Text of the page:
After some discussions at SMX last week with other members of the search marketing industry (community) I was quite surprised to find that I am one of the only people I know who works in search that actually likes the Mahalo project and really do feel that the overall opinion of Mahalo by various members of the search marketing crowd has to do with a negative association with Jason Calacanis, after his various much published opinions on search marketing.
I am also a bit troubled as to why so many people seem to be hoping for the failure of Mahalo. There seems to be a bit of jealousy that Mahalo is more or less a simple idea, paying guides a small salary to classify the Internet and build pages of information based upon popular search terms and trends … but no one else has put together a project like this themselves, with so much fanfare.
Personally, I do not look at Mahalo as a search engine. I would not use the service to search on a day to day basis, but I have found some of its coverage of current events and classifications of informational sources, product reviews and recommended links quite useful to the beginner or novice web user. I consider Mahalo as the love child of Wikipedia, About.com and DMOZ, with a social spin that happens to have a search box (like most sites do) and also rank very well in Google and other search queries because of its freshness value.
I do however question the reasoning behind using the Hawaiian term for Thank You which is commonly associated with trash cans all over Hawaii, but perhaps that can be overlooked by the average non-Hawaiian web user.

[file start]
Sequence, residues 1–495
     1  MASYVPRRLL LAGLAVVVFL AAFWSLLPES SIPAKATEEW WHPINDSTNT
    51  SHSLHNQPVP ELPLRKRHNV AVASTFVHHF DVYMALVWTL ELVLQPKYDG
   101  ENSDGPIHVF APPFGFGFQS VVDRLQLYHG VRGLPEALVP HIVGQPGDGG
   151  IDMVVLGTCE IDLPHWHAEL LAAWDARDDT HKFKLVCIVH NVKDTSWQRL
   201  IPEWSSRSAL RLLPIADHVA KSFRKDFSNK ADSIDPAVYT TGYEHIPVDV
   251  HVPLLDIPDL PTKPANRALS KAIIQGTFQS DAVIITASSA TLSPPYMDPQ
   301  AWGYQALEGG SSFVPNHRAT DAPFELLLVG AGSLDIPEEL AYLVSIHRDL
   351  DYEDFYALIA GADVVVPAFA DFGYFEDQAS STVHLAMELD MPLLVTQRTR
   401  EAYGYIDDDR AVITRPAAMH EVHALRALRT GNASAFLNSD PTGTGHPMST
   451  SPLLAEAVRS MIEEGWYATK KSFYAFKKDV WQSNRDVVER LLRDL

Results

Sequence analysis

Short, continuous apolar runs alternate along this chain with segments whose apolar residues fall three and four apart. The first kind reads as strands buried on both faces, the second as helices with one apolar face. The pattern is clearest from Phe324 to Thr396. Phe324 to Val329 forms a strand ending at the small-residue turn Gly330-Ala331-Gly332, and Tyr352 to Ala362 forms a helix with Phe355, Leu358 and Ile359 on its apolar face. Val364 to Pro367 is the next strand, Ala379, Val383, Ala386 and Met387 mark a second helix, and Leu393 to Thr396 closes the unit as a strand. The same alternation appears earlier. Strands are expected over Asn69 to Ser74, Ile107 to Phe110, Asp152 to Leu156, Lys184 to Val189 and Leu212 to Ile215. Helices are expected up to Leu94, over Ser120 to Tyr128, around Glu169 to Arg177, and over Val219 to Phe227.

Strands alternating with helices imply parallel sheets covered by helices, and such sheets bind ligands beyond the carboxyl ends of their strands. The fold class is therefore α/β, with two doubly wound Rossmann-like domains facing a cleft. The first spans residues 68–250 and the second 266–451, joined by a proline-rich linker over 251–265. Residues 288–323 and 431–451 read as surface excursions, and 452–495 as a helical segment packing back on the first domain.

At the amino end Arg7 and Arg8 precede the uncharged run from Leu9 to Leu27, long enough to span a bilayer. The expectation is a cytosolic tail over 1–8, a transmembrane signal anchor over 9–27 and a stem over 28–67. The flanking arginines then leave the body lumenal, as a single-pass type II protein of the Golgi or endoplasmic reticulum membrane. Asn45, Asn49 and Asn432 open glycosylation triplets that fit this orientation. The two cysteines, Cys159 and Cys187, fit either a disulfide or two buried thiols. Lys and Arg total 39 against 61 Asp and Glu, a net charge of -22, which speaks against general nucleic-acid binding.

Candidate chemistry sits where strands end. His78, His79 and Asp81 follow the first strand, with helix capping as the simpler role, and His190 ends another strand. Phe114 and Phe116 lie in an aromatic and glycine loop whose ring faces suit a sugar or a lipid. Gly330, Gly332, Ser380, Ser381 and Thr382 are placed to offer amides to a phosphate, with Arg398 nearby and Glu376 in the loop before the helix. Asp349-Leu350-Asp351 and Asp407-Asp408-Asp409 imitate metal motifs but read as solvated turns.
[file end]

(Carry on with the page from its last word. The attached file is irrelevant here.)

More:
Is Mahalo an informative and cutting edge section of the web, or an overstuffed bin of trash?
So, here are some reasons why I like Mahalo (no testing, just my opinion):
- Mahalo is a smart and needed service, reflective of the changes in not only the search engine climate but also the overall morphing of common day to day Internet usage. Not many of the old school human powered web informational categorization services like the Yahoo Directory, About.com, DMOZ or Wikipedia have actually changed much since their popularity peaked. Mahalo is malleable. Mahalo is up to date. Mahalo is today.
- The speed of which Mahalo covers current events and news stories is pretty impressive and seems to be the ideal meeting of current blogging and identifying the core news stories from trusted news stories and also other views by bloggers. I find that news search from Google or Yahoo depends too much on wire coverage from various services reporting the same exact story from one source. Mahalo does a very good job of mixing these up. As an example, I find this page to be quite informative : Bush Tax Cuts 2008
- Mahalo has done an excellent job of branding itself via its Mahalo flower logo, its hawaiian style fonts, and its Mahalo Daily which brings high quality informational video about social projects. The Mahalo team also does a ruthless job of promoting its stories on Facebook, Twitter and other social venues. As a web publisher, I think I can learn a good amount from their branding and promotion.
- The advertising on Mahalo is inobtrusive and very basic, with Google AdWords text ads (not sure if this is considered AdSense or AdWords since the ads are in search results, but those results are not always the end product of searches) integrated into the pages using the same font as the rest of the site
- Although Mahalo Follow, the Mahalo Toolbar, may be quite reminiscent of the toolbars of yesterday which follow and track pages visited, I do like the recommendation and voting feature which reminds me of StumbleUpon and again, I like the clever branding and positioning.. it’s not a toolbar, it’s Mahalo Follow.
So, what do you really think about Mahalo? Do you like the service or dislike it, from either a user, search marketing or social web perspective and why?